My son and I recently visited a labyrinth, tucked away on the wooded grounds of Camp New Hope between Chapel Hill and Hillsborough.
I’ve been told there are two labyrinths in the vicinity, but I have yet to find the second one. I heard about the sites from David McCullough, author of “The Unending Mystery: a Journey through Labyrinths and Mazes” (Anchor Books, 2004). At the outset he offers these definitions:
“Nowadays, a labyrinth is a single circuitous path that leads uninterrupted to a center, while a maze is a puzzle with many forks in the road that demand choices. ... It might be useful to think of the labyrinth and the maze as the heads and tails of a coin.”
You might object to these definitions, perhaps citing the treacherous Cretan labyrinth of Minos and the human sacrifices performed there. Minos’ daughter, Ariadne, infatuated with Theseus, gives him not only a sword but also a spool of thread with which to retrace his steps and escape the maze after slaying the Minotaur. (Soon afterward Theseus abandons Ariadne on a nearby island. Typical heroic behavior. Sidekicks generally make better husbands than do heroes, but that’s another story). For now let’s stick with Mr. McCullough’s definitions and the two sides of his imaginary coin. As he points out, the distinction is a useful one.
The Camp New Hope labyrinth consists of a series of interlocking straight and semi-circular paths on a modestly high clearing among mostly white oaks and maples. The paths are bordered by white chunks of quartzite gathered from the site.
I know these rocks; a similar geology predominates in much of the county. Not the flat sedimentary feldspars and slates from which foundations and chimneys are built, the milky stones resemble large spoonfuls of drop-biscuit dough just before baking, pierced by transparent hexagonal crystals. These rocks don’t stack well. The “walls” they form here rise no taller than the height of the largest stone, eight to 10 inches or so.
Stepping on to the path of ground green and blue glass one at first walks toward the destination: an outcropping of quartzy boulders at the heart of the figure. Following the trail, however, one’s feet are diverted first left in a tight counter-clockwise arc, then spun 180 degrees into a more gradual clockwise sweep.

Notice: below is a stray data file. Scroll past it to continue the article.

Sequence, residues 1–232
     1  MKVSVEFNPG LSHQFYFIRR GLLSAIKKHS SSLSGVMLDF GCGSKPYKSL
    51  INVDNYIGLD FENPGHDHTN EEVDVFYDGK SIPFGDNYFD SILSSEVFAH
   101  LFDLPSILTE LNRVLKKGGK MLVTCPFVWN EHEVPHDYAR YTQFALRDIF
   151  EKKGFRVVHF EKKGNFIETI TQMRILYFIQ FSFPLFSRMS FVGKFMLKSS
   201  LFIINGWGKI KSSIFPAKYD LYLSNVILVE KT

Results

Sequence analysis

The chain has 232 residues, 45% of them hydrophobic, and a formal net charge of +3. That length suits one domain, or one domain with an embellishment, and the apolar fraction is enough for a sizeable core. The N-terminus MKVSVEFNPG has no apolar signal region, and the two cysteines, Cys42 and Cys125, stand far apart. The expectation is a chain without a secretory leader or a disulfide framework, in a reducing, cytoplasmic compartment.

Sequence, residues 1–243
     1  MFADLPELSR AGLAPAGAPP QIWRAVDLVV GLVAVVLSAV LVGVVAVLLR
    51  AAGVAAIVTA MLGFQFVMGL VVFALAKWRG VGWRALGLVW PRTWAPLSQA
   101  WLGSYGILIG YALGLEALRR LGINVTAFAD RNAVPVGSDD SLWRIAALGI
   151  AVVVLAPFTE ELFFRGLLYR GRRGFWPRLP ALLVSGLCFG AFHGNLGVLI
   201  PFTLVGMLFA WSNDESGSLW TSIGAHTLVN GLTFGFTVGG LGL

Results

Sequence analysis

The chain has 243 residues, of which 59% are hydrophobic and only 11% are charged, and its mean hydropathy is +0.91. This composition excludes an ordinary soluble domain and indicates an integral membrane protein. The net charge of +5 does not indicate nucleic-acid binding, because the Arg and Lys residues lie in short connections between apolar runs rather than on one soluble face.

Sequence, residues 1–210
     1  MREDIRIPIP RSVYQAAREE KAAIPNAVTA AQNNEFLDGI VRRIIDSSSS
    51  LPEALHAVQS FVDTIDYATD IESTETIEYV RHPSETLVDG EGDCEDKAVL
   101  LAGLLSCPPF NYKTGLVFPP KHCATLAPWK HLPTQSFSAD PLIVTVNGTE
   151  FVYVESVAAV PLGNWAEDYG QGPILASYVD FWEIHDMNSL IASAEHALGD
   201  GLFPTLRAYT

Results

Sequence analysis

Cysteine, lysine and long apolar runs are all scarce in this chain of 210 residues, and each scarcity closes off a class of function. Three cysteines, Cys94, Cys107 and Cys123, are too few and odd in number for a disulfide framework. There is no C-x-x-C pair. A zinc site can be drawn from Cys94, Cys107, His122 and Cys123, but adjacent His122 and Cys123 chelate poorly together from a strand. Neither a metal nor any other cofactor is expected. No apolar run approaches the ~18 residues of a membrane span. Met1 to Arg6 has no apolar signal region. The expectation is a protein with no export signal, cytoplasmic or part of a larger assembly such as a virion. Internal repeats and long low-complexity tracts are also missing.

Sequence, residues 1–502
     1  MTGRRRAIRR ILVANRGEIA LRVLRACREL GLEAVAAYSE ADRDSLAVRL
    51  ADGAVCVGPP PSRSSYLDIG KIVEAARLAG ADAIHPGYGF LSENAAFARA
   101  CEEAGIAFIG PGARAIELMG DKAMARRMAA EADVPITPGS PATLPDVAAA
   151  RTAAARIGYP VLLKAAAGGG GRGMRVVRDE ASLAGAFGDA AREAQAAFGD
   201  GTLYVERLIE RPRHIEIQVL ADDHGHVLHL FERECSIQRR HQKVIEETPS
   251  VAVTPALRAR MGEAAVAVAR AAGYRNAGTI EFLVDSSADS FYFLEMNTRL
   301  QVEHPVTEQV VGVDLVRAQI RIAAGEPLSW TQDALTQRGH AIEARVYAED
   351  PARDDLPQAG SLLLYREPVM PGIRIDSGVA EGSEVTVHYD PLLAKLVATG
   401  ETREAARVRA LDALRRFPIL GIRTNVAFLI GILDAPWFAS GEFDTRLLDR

I tried counting steps between turns, wanting to anticipate the directional changes, but it’s difficult to do.
Before long we surrendered volition to the path, allowing it to lead us. Three or four minutes in we found ourselves walking the outermost ring, describing the longest, gentlest curve yet, before a sudden right angle and then the final line segment that opens on to the center. No matter how many times Gus and I followed the path it never once occurred to me (though it did to my 9-year-old son) simply to step over the rock borders, cut to the chase. Arrival at the end of the path, whether traveling from outside in or inside out, always came as a surprise.
Before long we surrendered volition to the path, allowing it to lead us.
I have called myself many things over the years, often using descriptors too profane to repeat here. But one epithet I’ve never applied to myself is “writer,” in part because I’m married to one. The written word is her domain; goodness knows I have enough hobbies already. When the editor asked me to contribute to My View, I at first tried to refer him to my better half. Then he showed me a list of the other contributors: good, smart people, all involved with admirable and interesting projects, causes and principles. Good writers. It is an honor to be included among them.
I don’t know much about writing, but it occurs to me that if one had a story to tell, a labyrinthine approach might not be the worst one to take.
My story, like everyone else’s, is marked by unexpected twists and turns, digressions, lateral detours. I would begin it, probably, with a trip to Mexico in 1987. After graduating from Chapel Hill High School I traveled to the city of Cuernavaca in search of a legendary linguist, Ivan Ilich, and instead found myself apprenticed to a potter in pursuit of “la forma pura,” pure form, quoting Carlos Castaneda and Marcus Aurelius from his hammock while I mixed clay and glazes, loaded the kiln. Intent as I was on gaining fluidity both in Spanish and in the flexible, rotary language of the potter’s wheel, I became something of a linguist of the physical.
In the ensuing years I have experimented and blundered with a variety of tools, materials, and tongues, constantly cross-referencing and analogizing the processes of one against the others. I have found connections, threads, some of which might not always be obvious to the casual observer. These threads are what I hope to follow and discuss in the months to come. Who knows, maybe one day we’ll turn a corner and step right into the heart of the matter.
The coin is tossed. Heads or tails?
John Svara lives in Durham. To see more of his work go to www.formandflaw.com
To visit the labrynth
The Camp New Hope labyrinth is open to the public, but camp officials like to be informed in advance of a potential visit. For details, go to www.campnewhope.org